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Which is most important when learning a new language – grammar or words (vocabulary)? Well, most native speakers will forgive you if you make a grammatical mistake or two. Without basic words, however, you can only point and smile. Here is a neat trick to increase your vocabulary: Learn micro-phrases with two or three words that naturally belong together! In that way you’ll also train your grammar sensibility without even thinking about it.
Some phrases make an ”echo”: You think a thought in English. In Norwegian, you tenker en tanke. You also drømmer en drøm (dream a dream), synger en sang (sing a song), and spiller et spill (play a game). Maybe you even drikker en drikk (drink a drink), lukter en lukt (smell a smell), smaker en smak (taste a taste), løper et løp (”run a run”) or dikter et dikt (compose a poem).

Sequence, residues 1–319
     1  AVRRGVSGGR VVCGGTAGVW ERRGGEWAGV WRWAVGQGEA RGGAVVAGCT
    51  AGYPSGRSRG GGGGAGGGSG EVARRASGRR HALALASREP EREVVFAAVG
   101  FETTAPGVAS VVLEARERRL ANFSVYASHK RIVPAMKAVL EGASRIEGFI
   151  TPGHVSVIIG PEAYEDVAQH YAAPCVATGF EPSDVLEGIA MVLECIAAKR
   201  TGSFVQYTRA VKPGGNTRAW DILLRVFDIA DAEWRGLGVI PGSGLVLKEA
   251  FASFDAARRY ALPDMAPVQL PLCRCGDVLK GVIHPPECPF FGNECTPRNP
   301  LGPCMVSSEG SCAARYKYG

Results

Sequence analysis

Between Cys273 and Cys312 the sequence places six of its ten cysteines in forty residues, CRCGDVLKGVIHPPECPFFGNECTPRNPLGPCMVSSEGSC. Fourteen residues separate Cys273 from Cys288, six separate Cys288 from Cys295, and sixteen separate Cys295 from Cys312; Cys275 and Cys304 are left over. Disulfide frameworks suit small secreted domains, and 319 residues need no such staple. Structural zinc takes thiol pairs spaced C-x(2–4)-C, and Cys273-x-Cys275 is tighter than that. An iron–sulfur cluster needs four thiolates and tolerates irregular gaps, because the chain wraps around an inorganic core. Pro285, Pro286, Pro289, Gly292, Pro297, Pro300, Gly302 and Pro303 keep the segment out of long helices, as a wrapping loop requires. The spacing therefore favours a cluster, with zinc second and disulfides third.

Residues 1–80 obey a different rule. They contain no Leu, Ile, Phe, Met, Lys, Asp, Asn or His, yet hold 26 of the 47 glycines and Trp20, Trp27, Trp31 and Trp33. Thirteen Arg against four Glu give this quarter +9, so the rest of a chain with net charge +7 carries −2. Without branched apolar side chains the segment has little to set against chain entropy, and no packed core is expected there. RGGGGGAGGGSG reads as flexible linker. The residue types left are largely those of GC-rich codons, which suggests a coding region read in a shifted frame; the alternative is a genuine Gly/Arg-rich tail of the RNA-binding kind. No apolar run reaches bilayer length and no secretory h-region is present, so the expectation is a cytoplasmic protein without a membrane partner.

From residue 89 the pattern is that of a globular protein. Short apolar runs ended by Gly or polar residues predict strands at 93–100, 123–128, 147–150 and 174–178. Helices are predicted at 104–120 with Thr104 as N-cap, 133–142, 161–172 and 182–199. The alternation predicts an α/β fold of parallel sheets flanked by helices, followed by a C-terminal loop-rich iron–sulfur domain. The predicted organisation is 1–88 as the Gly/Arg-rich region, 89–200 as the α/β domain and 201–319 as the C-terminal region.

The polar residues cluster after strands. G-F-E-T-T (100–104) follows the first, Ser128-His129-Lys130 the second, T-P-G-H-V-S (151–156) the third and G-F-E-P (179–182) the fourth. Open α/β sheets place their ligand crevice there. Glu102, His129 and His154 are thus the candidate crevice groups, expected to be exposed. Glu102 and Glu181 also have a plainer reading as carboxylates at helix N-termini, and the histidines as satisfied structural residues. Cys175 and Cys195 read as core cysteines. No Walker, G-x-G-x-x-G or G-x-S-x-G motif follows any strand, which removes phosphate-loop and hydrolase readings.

Other phrases are ”echoes” with a slight variation:
• å bygge en bygning (to build a building)
• å tegne en tegning (to draw a drawing)
• å male et maleri (to paint a painting)
• å bo i en bolig (to live in a home)
Some ”word couples” were simply meant to be – for example, you can’t eat without food. Throw in a jeg (I) in front to make simple phrases to memorize:
• Jeg spiser mat. (I eat food.)
• Jeg skriver brev. (I write [a] letter.)
• Jeg kjører bil. (I drive [a] car.)
• Jeg sover i en seng. (I sleep in a bed.)
• Vi går en tur. (We go for a walk.)
• Sola skinner. (The sun is shining. [This is what it does!])
• Katten mjauer. (The cat is mewing. [Who else could it be?])
Rhyming words are also very useful for learners:
• Spis is! (Eat ice-cream!)
• hest er best (horse is best)
• bake – kake – smake (bake – cake – taste)